State of Play

What the 2008 presidential race means for Texas.
Illustration by Catalogtree

The 2008 election is occurring at a moment when the political pendulum in Texas could swing the other way—much as it did in 1994, when George W. Bush defeated Ann Richards as part of a nationwide Republican sweep that included takeovers of both houses of Congress. No Democrat has won a statewide race since. This election will not restore the Democrats to power here, but it will provide a yardstick for how much ground the party has recovered since the R’s won the last remaining prize that had eluded their grasp: a majority in the state House of Representatives in 2002 and, with it, the speakership. Now, just six years later, the D’s have a chance to retake a slender majority in the House and to pick up seats in the state Senate.

If it seems strange to focus on down-ballot races in a presidential election year, that’s where the action is. The winner-take-all system eliminates the suspense over whether John McCain or Barack Obama will come away with Texas’s 34 electoral votes. Republicans have dominated presidential races here ever since Ronald Reagan defeated Jimmy Carter in 1980. McCain will carry Texas. The question is, By how much? The presidential race matters because it drives, or fails to drive, turnout. All those years of Bushes on the ballot—the elder four times, the younger twice—killed the Democrats. Finally, the R’s have run out of Bushes. The 2008 election will not be a replay of 2000, or even 2004. The Democrats have a candidate who energizes the party’s electorate, while the GOP nominee would not have been the first choice of most Texas Republicans.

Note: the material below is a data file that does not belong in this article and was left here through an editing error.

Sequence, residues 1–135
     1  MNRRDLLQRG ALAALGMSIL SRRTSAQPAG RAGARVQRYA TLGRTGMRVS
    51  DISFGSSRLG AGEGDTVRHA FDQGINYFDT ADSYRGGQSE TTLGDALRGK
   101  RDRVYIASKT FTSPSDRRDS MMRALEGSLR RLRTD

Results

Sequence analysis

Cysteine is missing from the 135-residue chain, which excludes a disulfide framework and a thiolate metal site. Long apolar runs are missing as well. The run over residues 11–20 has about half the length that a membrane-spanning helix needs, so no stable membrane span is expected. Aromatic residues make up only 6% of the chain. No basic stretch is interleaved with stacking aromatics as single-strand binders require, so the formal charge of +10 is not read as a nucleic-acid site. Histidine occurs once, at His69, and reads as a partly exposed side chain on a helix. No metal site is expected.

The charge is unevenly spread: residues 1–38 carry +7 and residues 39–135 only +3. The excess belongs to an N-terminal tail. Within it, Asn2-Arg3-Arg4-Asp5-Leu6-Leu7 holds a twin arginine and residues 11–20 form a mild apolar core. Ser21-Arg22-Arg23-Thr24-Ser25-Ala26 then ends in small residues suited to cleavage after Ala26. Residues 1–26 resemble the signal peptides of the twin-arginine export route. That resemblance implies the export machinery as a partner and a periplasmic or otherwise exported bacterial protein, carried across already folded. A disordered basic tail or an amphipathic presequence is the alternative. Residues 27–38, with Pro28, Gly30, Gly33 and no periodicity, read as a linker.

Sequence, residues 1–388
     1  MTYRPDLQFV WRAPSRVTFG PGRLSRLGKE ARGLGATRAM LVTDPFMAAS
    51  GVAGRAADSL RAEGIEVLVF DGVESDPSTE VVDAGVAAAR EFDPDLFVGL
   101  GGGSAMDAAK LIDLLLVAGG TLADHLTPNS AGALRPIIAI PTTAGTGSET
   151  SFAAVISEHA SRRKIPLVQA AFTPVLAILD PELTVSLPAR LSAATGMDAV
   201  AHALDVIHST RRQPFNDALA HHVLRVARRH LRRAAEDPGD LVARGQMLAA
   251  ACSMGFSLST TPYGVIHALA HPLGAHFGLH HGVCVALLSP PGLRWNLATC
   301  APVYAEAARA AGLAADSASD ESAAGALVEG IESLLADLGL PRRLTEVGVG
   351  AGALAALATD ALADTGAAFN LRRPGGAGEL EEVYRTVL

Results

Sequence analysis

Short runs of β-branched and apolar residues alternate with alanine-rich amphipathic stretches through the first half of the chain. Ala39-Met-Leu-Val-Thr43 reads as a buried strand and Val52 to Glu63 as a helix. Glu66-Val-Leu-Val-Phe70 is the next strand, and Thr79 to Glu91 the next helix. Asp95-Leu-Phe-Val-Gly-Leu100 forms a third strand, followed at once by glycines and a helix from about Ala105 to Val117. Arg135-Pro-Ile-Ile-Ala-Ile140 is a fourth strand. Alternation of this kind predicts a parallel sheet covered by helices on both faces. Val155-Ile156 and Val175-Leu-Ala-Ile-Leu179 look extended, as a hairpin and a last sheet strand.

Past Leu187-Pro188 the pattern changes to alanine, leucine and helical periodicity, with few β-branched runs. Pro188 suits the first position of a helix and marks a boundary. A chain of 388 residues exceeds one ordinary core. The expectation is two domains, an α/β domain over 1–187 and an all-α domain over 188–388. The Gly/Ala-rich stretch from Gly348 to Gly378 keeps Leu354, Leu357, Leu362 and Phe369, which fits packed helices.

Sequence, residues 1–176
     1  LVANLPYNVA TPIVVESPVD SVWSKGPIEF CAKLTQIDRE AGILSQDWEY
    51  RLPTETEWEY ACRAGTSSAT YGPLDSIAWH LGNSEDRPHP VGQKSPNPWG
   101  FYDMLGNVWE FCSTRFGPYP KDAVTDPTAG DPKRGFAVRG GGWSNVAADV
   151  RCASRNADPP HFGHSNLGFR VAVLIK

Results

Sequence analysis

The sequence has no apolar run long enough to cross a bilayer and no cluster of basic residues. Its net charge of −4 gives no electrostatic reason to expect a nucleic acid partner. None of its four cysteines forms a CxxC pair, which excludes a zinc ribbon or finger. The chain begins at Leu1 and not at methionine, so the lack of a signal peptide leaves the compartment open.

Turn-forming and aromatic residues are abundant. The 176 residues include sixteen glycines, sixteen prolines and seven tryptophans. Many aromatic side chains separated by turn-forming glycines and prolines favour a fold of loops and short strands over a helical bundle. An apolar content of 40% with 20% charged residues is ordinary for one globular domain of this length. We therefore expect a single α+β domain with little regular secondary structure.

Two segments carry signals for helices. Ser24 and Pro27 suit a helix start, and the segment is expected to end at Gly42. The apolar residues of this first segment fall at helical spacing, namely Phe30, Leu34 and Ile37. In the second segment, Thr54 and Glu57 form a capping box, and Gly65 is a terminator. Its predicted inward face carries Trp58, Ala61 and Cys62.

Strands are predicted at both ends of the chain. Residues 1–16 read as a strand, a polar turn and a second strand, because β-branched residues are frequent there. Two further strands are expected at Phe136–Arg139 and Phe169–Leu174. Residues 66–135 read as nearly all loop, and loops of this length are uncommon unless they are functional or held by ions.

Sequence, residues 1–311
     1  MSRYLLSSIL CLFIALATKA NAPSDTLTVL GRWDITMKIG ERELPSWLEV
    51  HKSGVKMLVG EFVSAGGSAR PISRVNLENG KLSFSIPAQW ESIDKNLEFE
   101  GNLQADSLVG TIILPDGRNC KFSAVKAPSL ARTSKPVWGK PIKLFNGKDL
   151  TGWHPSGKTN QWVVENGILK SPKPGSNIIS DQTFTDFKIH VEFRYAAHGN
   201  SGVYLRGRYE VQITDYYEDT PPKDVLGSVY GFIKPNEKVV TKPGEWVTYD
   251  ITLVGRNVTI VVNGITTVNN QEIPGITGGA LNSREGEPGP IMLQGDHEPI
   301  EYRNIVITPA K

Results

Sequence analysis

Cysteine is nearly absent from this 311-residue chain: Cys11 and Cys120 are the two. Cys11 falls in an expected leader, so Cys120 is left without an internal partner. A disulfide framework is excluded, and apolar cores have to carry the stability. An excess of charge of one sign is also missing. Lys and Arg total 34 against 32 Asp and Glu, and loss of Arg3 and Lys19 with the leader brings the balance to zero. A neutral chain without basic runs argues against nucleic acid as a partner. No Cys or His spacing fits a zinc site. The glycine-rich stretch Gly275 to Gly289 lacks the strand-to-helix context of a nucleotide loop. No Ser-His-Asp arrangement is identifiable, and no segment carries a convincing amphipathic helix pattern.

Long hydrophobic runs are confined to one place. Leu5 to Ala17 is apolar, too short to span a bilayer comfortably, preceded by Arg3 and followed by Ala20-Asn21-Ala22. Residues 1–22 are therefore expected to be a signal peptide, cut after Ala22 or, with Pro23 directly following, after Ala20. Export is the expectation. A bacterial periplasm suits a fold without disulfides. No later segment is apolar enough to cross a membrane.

The key to the down-ballot races in this state is that Obama’s strength is where the votes are, in urban Texas. The two big metro areas are rich in potential swing districts in congressional and legislative races. Demographics work in the Democrats’ favor. They may not be ready to win statewide, but they proved in 2006 that they could retake a diverse urban county like Dallas. Harris County is the next target. If Obama can win 42 to 44 percent of the vote, Democrats should do no worse than consolidate their gains. If he can win 45 to 47 percent, the pendulum will have swung enough to resurrect his party.

(No) Change We Can Believe In

On the morning of November 5, the map of Texas’s 254 counties—colored red (Republican), blue (Democratic), and purple (toss-up)—should look very much like this one. It will show that the great rural expanse of Texas to the east and west of the triangle formed by Interstates 10, 35, and 45 is still solidly red but that Dallas County is reliably blue, Harris County has become purple, and Austin’s liberalism has spread to suburban counties. South of U.S. 90, the rural areas remain blue, but Republicans increasingly have targets of opportunity, such as heavily populated Cameron County. The colors on the map are dark and light variants of red and blue, but a more precise version would require many other tints to reflect the rapidity of demographic change in the suburbs, which benefits Democrats. If we used the entire spectrum, the dark reds of Collin and Fort Bend counties would be several shades lighter.